Everything Starts at the Beginning
This past weekend, I attended a mini-workshop at the Newport Library put on by Willamette Writers. It was a discussion by Deborah Reed about what goes in the beginning of any story. I enjoyed the discussion, and below I have added my thoughts to what she shared:
The beginning of the story is the most important part of any work. Publishers will usually ask for the first thirty pages of a manuscript. If they do not find something compelling, that will be the end of their consideration. Think about it, you only have a moment to catch a reader’s attention. If you fail to grab them immediately, they will put your book down and pick up another. A would-be publisher knows this, and they act accordingly. So what goes at the beginning?
Opening paragraph: This should probably include your main character. Yet, that certainly isn’t necessary. As a reader though, I want to know who it is I am reading about, followed closely by what is going on at that moment. In some circles, this is called the inciting incident. That thing that happened to get us emotionally involved in a character’s life. I will not drag myself through a page of descriptions about the weather, about the news on the TV or what book the character has been reading, unless of course, the action directly involves these items. For me, a story needs to get me moving with the character and the reason for the story right away. This may come from my love of short stories where the writer has no time for superfluous distractions that isn’t important. Compelling action will be much more likely to grab and keep my interest than flowery descriptions of the wallpaper, or whatever items that ultimately play no role in the story. A famous Russian writer, Anton Chekov said, “If in the first act you have hung a pistol on the wall, then in the following one it should be fired. Otherwise don’t put it there.” Don’t waste my time on unimportant descriptors that add lots of words and little meaning.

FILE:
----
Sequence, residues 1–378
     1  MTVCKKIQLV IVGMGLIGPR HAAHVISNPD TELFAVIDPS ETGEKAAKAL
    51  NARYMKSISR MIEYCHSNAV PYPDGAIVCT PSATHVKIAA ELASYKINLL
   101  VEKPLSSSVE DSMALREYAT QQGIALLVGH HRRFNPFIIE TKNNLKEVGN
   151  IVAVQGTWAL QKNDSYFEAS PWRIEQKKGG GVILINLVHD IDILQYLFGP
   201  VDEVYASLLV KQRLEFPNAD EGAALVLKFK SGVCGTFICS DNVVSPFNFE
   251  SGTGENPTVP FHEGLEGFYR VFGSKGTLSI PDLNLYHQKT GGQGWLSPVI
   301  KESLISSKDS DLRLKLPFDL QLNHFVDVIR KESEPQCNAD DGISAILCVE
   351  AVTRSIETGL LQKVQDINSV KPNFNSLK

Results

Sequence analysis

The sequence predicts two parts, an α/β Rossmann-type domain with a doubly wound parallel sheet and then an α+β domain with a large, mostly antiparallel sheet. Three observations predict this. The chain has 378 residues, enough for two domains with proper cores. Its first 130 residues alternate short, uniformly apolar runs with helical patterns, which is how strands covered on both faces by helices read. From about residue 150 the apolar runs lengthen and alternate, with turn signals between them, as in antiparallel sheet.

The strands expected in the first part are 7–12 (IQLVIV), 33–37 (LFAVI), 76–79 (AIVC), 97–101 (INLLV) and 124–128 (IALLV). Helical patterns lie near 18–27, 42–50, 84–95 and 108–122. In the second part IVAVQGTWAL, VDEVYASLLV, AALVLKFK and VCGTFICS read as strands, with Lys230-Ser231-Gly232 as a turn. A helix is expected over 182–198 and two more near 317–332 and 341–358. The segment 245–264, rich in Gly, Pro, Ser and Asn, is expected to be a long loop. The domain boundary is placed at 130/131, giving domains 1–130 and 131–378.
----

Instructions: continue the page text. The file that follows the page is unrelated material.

First page: We should gain a deeper knowledge of who the main character is and what’s happened / is happening to them. We, as readers, should be sliding into the actions of your character and the dilemma they have been thrust into. Maybe his wife just died in an airplane crash. Maybe her thirteen-year-old daughter just announced she’s pregnant. Or the eight-year-old has announced she is running away from home. This situation, whatever it is, should pose some sort of question for the reader. How will the man get along without his wife? How will the mother break the news to the overbearing, anger-prone, son of a bitch she married? Who will dissuade the eight-year-old from her desire to join the circus?
First chapter: By now the reader should know the main character fairly well. Who are his friends? Who is their support group? What is going on around her? Seeds of where the story is going should have been sown within the words and actions. Maybe, the first sprouts of direction have popped up out of the ground. (This doesn’t mean those sprouts might not be trampled in the next chapter.) Momentum (action) from this opening chapter should propel us into the second, and from the second into the third, etc.